Cervical cancer patients often require a specific, technically challenging treatment that is not always readily available in developing countries. In Asia, which accounts for close to half of the world’s cervical cancer deaths, the IAEA has completed a four-year project to increase survival rates. Over 1000 specialists were trained on 3D image-guided brachytherapy, an advanced form of radiotherapy.
“Many Asian countries have insufficient capacity to provide radiotherapy, which is a vital element of cancer control,” said IAEA Director General Yukiya Amano in a video message to an international symposium of the Japanese Society for Radiation Oncology (JASTRO), marking the end of the project. “This means that patients often die of cancers which could be effectively treated if they lived in a country with well-developed cancer facilities. Our mission is to transfer technologies to help save lives.”
What is brachytherapy?
While external beam radiotherapy directs ionizing radiation towards a tumour from outside the body, in brachytherapy radioactive sources are placed directly into a tumour or body cavity. This helps concentrate the radiation dose in the tumour, increasing the probability of killing it, while sparing adjacent organs and tissues from being harmed.
“Although there are many difficulties in implementing 3D image-guided brachytherapy, including shortages of equipment and manpower, the number of institutes implementing it has been dramatically increasing, thanks to the involvement of the IAEA and its partners,” said Shingo Kato, Professor of Radiation Oncology at the Saitama Medical University in Japan. Professor Kato has been lead country coordinator for this project since 2012.
3D image-guided brachytherapy is very effective in managing cervical cancer, which, according to GLOBOCAN, caused an estimated 266 000 deaths in 2012 worldwide.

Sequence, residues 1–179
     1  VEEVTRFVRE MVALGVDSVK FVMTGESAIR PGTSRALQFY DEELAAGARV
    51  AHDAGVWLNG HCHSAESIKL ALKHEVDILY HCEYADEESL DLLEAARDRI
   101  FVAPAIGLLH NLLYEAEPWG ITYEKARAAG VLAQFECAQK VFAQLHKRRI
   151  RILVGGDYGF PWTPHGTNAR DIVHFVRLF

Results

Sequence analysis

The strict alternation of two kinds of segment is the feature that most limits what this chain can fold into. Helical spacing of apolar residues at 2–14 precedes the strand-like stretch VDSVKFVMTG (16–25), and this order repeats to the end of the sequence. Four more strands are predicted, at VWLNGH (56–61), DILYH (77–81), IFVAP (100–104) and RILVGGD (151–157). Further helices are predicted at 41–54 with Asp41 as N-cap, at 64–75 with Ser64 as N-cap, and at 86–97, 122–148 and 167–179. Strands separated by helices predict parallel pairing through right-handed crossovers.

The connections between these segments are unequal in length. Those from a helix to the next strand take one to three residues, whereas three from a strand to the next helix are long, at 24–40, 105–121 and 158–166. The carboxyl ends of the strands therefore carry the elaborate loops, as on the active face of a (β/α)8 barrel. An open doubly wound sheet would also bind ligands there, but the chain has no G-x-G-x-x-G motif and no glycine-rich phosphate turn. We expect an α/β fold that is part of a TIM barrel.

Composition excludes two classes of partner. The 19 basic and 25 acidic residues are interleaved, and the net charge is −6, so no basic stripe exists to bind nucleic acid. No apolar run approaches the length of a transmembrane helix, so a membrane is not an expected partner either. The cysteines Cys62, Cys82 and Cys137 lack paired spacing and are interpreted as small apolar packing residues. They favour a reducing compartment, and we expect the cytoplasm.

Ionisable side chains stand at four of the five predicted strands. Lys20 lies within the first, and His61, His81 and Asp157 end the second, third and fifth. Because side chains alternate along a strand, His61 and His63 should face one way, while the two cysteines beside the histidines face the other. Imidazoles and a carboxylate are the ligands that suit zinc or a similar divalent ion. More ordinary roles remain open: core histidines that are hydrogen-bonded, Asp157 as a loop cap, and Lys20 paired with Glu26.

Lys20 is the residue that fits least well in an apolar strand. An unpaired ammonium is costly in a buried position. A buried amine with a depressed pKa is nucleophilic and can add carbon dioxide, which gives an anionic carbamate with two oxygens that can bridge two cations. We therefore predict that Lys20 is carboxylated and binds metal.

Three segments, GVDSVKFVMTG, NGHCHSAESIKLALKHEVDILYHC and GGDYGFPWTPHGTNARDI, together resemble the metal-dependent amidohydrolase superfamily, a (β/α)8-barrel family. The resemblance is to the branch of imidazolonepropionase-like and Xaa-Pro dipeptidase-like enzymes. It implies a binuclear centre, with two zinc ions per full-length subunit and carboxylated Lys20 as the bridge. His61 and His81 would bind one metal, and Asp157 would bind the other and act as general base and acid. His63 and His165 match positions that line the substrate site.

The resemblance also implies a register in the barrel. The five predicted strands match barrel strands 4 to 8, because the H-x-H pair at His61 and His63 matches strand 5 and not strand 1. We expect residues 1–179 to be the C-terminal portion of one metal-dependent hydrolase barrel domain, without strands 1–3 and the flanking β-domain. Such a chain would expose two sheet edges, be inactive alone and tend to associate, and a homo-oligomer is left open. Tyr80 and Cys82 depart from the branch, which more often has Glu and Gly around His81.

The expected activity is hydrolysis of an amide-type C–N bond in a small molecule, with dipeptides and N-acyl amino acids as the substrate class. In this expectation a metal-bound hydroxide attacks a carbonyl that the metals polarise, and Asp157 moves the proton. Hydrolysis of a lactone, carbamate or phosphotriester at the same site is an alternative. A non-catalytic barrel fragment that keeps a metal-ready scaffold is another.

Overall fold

Fighting cervical cancer in the Philippines
The technology has greater impact than traditional methods and leads to longer survival rates for patients who have gynaecological cancers, explained Miriam Calaguas, Chair of the Department of Radiation Oncology at St. Luke's Medical Center near Manila in the Philippines.
Of all cervical cancer deaths, more than 85% occur in less developed countries. In Asia, cervical cancer is the second most common cancer among women, killing more than 144 000 patients annually and accounting for almost half of all deaths related to cervical cancer worldwide. The number of deaths from cervical cancer in Asia is expected to nearly double by 2035, according to GLOBOCAN.
The IAEA has supported hospitals such as the Jose R. Reyes Memorial Medical Center that requested training on the introduction of the new technique. The IAEA trained 114 professionals directly, and over 1050 specialists were trained in follow-up country projects, including more than 150 specialists were trained in the Philippines alone.
IAEA experts have developed guidelines for the transition to 3D high dose rate brachytherapy, said Elena Fidarova, Radiation Oncologist at the IAEA, who chaired the international symposium at the JASTRO meeting. An IAEA publication entitled The Transition from 2D Brachytherapy to 3D High Dose Rate Brachytherapy publication provides important guidance to all those upgrading their facilities to introduce 3D image-guided brachytherapy, she said. The IAEA has also developed a clinical guide for the treatment of cervical cancer – Management of Cervical Cancer: Strategies for Limited-resource Centres - A Guide for Radiation Oncologists – that is designed for low and middle-income countries, where practitioners treat a large number of patients daily, often with very limited resources.
Many Asian countries have insufficient capacity to provide radiotherapy, which is a vital element of cancer control.